Charlottesville: A Response
Maine Initiatives exists to advance justice and equity in our state. Over the past year and a half, we have prioritized the specific issues of racial justice and equity in our work and, in so doing, we have come to understand that issues of justice and equity broadly – and racial justice and equity specifically – are fundamentally relational. They have to do with how we understand ourselves and ourselves in relation to others. Any effort to advance justice and equity must necessarily include a conversation about who we are and who we aspire to be.
We also acknowledge that racial injustice and racial inequities were woven into the fabric of our nation at its birth. For this reason, they deserve primacy of place for those of us seeking to advance justice and equity in our community. For us, it is not a question of preferences or priorities, it is fundamentally about capacity.
If we do not confront racial injustice and racial inequity – original sins that reside in the very heart of our nation – how can we expect to achieve any other aspiration with regards to justice and equity? And, inversely, to the extent that we can address issues of racial injustice and inequity, we build our collective capacity to address all other forms of injustice and inequity. Our capacity for any justice is proportional to our progress on racial justice.
While we, as a nation, have made progress with regard to these issues, the essential truth about racial justice and equity is that core questions – Who am I? Who am I in relation to the other people in my community? Who are we together? – must be asked and answered anew by every generation. It is wrong to think that any present or future generation is absolved from having to confront these questions again. Every generation must decide. Every community must decide. Every person must decide. This is the work of democratic citizenship.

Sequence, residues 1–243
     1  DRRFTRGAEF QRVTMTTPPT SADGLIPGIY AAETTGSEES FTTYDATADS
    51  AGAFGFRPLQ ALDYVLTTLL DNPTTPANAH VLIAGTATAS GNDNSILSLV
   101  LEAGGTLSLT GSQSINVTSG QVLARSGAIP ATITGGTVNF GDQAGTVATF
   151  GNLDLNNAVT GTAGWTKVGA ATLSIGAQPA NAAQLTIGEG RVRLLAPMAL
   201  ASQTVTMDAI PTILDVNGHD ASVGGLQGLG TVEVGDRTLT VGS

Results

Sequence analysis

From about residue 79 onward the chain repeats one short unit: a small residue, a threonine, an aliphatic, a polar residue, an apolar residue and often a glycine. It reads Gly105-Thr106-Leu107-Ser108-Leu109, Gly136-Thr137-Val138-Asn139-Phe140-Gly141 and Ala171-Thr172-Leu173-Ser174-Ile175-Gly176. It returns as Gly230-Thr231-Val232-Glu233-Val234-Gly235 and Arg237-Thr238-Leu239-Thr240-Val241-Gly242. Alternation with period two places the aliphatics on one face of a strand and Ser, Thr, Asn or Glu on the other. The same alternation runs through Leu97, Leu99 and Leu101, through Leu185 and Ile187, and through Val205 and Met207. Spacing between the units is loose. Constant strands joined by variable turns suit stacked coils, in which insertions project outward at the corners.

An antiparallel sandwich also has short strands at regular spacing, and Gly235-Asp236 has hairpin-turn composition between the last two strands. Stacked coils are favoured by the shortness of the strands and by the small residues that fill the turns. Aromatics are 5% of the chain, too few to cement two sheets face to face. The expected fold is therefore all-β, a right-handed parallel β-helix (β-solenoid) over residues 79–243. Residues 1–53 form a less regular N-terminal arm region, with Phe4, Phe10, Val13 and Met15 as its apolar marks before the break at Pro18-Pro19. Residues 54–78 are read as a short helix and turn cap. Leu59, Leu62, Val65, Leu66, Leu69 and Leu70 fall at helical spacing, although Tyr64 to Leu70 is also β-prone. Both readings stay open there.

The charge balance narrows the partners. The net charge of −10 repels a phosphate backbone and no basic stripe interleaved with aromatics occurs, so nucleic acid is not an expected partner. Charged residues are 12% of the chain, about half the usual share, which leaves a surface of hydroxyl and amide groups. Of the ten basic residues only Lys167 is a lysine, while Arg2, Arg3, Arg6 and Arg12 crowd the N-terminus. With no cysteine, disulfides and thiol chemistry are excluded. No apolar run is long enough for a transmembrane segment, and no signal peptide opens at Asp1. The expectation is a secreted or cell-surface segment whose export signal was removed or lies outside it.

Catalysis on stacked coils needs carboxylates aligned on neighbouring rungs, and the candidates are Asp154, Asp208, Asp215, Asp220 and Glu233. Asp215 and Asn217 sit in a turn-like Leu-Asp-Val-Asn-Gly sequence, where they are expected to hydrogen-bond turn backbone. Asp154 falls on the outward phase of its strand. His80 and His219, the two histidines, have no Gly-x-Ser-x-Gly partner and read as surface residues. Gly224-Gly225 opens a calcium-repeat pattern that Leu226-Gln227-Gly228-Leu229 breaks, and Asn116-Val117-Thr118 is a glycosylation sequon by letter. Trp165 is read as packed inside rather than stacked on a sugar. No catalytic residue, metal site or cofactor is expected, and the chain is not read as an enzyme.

This is not to suggest that each subsequent generation is destined to a never-ending purgatory, repeating the same painful mistakes of the past. No. Each successive generation stands on the shoulders of the giants and heroes of the past, and the questions of racial justice and equity that we confront today hold potential and promise that weren’t available to our forebears. We can bring about greater justice and equity in our time than they ever thought possible.
But the opposite is also true. We can regress. We can cede our inheritance to a dark and dystopian vision of greater injustice and inequity. We witnessed these two visions presented in stark relief in the horrifying events in Charlottesville this past weekend. There are forces who would take us into a dark future of conflict. All that is required of us is that we do nothing.
That is not who we are. We will speak. We will act. We will come together as a community to ask:
What does racial justice mean?
What does it look like?
What does it require?
And we will do that work.